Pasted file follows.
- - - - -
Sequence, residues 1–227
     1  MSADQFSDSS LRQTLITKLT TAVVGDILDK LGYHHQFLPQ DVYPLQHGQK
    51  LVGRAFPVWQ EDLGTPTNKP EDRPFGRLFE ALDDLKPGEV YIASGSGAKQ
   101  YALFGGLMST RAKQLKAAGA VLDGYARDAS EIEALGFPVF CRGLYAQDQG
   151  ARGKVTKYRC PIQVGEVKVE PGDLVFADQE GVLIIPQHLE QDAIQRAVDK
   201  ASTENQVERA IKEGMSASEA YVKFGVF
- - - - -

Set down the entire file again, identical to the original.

Sequence, residues 1–227
     1  MSADQFSDSS LRQTLITKLT TAVVGDILDK LGYHHQFLPQ DVYPLQHGQK
    51  LVGRAFPVWQ EDLGTPTNKP EDRPFGRLFE ALDDLKPGEV YIASGSGAKQ
   101  YALFGGLMST RAKQLKAAGA VLDGYARDAS EIEALGFPVF CRGLYAQDQG
   151  ARGKVTKYRC PIQVGEVKVE PGDLVFADQE GVLIIPQHLE QDAIQRAVDK
   201  ASTENQVERA IKEGMSASEA YVKFGVF